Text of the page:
Oliver & Hans are artists.
This is their Fabrik.
Oliver Abbey & Hans Kim
Hailing from Denmark and the Republic of Korea respectively, Oliver & Hans began collaborating in 2007, launching their first website together in 2016. The artist duo makes art that uses a range of media including painting, collage, print and installation.
Their work encompasses a visual language embedded in a process of formal abstraction - investigating the construction and subsequent deconstruction of form. Through this process the themes, forms and motifs of their work are built up and re-worked over time. With each iteration new works are formed in which the dialogue is in a constant state of flux.
Concerned with intimacy, memory, and obsession, their work is characterised by it's signature graphic style; portraits, outlined in thin lines and pared down to their most basic details, are hallmarks of there visual style.
Drawing on a contemporary visual language from computer graphics to road signs and billboards, Oliver & Hans creates landscapes and portraits in an instantly recognisable signature style defined by a stripped-down vocabulary of schematic lines and blocks of colour.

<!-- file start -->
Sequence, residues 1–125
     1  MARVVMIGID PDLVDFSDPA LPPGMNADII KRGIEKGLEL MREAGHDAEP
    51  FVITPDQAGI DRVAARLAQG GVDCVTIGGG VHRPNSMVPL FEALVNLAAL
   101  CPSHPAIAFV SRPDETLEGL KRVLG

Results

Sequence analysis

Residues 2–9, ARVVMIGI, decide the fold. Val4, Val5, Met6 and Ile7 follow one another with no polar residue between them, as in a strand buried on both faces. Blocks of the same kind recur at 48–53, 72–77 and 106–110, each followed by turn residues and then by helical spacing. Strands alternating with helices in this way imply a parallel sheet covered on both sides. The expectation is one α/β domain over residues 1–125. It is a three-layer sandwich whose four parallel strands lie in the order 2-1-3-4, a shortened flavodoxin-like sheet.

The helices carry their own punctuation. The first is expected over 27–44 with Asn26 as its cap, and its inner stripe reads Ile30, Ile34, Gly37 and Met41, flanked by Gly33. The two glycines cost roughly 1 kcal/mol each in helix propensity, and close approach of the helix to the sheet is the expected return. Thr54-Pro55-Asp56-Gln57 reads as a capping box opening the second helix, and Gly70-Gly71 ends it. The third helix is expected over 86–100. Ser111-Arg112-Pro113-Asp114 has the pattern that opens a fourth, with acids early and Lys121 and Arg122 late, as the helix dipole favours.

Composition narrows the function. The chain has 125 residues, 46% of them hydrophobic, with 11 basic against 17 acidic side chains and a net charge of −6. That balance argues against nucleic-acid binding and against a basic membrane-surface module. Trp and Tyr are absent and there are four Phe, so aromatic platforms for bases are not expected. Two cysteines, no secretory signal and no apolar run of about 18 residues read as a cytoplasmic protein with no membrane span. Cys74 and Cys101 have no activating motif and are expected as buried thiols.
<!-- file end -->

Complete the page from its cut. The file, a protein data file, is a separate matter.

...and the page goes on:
Interested in the ways reality can be represented and reflected, Oliver & Hans often reduce iconic subject matter (like close-up portraits, landscapes, and the body in motion) to simple geometric forms, typically rendering faces as a series of piercing dots and lines.
We spoke to Oliver and Hans about their process, inspiration, and plans for the future:
FAB: Building faces, or masks, with symmetry is a continuing theme in your work. Does this derive from a desire to explore emotion, character, or expression, in people?
OH: "Before making the mask series we researched Rorschach art by artist - Andy Warhol, H.C Andersen, Henri Matisse and William Morris. The Rorschach technique helped us to discover the spiritual and poetic quality of repetition in our work."
"It became a dogma rule for how we build up the layout for all the masks. The pattern of our work of art is equal to the form of a piece of music. We like to achieve the same effect of a good melody. A catchy melody makes you smile and keeps looping in your memory."